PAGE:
1. This is one of my biggest pet peeves! For the first 15 years of our marriage we moved quite often. It seems like every time we would move into a new ward I would get called into the Relief Society presidency. It happened 4 times. Each time they would go to my husband and get his permission first. Yet when my husband got called to be Scout Master time and time again, which meant he was always gone on camping outs, I was never asked if it was OK. I hated having him in Scouts! We only had daughters so it made me mad he always spent so much time with them and not home with us helping me with the kids. We never had family around where we lived to help us. The last time he was called I went in with him because I just knew he was going to get called into Scouts. He did. I was so mad! They never asked me first. I stormed out of there. The member of the bishopric never said maybe this is not a good idea. All he was worried about was getting his callings filled. I was also mad at my husband for saying yes. But he was always raised to never turn down any calling. I was young and put up with it then. Boy, I won’t now! I wish I had learned to set boundaries in my life many many years ago.

  2. Does anyone know if there is anything official about this practice in the Handbook, if there ever was anything official about this practice in the past, or is it just a cultural practice handed down from bishopric to bishopric? I ask because the practice seems to be widespread but very inconsistent. I’ve never been asked first for my permission for my wife to receive a calling but I have been asked concurrent to the calling being extended to her if I would support her in the new calling. She has also been asked if she would support a new calling being extended to me. Other times I haven’t been asked anything when she is given a new calling.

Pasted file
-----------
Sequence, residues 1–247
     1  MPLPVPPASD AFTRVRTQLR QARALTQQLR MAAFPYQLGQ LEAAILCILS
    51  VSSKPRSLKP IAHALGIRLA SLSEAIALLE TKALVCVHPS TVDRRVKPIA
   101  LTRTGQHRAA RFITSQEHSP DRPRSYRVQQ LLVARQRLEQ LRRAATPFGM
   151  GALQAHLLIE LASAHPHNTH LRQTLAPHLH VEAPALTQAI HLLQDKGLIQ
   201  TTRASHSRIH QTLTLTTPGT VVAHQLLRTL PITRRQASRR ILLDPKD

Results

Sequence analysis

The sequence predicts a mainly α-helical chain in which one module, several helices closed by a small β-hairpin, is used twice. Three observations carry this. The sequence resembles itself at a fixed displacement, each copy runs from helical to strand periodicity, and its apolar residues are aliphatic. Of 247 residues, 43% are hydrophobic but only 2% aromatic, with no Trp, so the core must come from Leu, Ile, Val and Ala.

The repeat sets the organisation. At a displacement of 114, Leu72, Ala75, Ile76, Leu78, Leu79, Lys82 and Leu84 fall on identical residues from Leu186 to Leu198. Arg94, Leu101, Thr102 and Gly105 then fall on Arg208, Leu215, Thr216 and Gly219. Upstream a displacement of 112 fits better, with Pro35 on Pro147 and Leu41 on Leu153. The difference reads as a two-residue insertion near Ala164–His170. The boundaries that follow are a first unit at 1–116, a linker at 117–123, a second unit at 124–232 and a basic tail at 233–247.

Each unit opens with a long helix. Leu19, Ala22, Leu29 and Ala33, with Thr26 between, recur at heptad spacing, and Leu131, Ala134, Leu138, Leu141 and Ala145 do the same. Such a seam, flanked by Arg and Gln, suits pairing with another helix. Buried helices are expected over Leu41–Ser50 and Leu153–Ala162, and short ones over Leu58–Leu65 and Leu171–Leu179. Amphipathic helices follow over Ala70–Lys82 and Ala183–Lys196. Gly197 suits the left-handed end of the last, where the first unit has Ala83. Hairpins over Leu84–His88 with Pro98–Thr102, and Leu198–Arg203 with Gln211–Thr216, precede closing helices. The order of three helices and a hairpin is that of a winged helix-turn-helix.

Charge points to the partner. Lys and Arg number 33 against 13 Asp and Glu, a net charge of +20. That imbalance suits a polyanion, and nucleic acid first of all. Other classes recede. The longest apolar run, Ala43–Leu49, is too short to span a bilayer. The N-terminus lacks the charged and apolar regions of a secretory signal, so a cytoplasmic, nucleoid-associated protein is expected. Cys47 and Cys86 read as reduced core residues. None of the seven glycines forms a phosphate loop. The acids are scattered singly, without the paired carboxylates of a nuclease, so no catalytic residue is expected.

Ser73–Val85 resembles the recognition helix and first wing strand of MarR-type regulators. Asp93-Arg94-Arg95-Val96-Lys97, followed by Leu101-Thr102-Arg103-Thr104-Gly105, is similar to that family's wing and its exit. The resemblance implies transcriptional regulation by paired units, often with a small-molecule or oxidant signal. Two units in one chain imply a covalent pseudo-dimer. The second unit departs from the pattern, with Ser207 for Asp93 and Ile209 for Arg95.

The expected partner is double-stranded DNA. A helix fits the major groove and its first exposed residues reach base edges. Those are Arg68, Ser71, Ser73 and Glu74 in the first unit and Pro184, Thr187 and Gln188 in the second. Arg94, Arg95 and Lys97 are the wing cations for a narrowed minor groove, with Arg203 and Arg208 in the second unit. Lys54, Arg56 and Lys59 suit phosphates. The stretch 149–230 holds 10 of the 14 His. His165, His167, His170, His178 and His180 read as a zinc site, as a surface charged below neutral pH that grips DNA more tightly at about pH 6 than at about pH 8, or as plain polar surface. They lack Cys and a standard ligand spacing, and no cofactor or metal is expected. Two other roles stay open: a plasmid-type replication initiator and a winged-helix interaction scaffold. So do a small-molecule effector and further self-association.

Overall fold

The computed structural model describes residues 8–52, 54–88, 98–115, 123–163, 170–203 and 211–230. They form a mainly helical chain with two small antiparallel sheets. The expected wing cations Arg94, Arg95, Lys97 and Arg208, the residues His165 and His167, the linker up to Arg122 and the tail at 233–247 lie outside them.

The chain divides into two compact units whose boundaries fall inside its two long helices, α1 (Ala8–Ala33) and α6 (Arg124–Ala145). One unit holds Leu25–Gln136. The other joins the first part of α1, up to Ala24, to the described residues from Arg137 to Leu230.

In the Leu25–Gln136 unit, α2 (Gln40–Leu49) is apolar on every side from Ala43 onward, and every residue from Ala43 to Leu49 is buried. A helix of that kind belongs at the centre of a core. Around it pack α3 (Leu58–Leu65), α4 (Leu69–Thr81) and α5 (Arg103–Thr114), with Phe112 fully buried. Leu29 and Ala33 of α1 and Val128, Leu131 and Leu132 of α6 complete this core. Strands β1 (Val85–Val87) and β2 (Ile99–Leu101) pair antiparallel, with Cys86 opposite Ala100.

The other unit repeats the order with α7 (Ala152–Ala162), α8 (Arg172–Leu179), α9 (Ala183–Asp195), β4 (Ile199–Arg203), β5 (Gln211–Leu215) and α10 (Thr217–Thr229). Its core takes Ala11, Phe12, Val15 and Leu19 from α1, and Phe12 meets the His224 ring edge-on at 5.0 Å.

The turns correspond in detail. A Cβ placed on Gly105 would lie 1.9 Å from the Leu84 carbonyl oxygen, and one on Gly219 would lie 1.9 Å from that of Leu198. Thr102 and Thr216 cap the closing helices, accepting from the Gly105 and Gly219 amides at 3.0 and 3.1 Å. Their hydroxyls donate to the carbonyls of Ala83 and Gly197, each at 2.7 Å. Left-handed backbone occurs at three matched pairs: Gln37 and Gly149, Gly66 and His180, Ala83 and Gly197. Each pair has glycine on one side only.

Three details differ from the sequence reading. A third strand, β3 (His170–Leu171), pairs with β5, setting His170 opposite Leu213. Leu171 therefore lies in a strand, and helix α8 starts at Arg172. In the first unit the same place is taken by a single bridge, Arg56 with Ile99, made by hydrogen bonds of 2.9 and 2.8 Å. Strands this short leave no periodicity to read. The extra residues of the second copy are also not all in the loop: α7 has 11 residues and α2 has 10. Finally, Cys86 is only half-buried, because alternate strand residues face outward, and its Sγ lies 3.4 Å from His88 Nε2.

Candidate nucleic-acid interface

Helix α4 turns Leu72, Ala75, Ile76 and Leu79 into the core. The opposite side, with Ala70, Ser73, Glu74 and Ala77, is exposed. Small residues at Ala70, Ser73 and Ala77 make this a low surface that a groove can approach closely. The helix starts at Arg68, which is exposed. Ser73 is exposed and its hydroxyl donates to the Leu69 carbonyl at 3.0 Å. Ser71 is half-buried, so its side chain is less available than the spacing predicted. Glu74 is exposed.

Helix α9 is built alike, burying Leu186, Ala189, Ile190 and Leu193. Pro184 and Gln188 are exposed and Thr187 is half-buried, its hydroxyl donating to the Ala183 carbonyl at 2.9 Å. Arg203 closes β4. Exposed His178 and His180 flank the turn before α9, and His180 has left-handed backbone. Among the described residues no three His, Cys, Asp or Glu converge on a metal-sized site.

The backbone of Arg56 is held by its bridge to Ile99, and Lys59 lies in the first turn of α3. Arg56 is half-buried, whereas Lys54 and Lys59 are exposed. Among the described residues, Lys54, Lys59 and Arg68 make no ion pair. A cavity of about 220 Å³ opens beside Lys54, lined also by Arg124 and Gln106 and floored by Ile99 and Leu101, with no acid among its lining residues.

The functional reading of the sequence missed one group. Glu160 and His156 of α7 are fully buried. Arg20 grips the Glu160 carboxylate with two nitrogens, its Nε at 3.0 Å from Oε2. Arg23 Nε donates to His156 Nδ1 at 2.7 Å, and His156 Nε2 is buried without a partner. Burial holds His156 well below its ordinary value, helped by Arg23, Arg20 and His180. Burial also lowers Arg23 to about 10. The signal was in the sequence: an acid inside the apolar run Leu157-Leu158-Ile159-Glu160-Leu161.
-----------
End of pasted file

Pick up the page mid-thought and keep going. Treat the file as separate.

3. All I was able to review are the current Handbook 2 (revised 2010) which is on, and Handbook 1 (2006). Other versions are difficult to find on the internet due to the church taking legal actions against copyright and intellectual property rights infringements. Neither handbook requires spousal permission. The only permission that is required is of youth – “When a young man or young woman will be called to a Church position, a member of the bishopric obtains approval from the parents or guardians before issuing the calling.”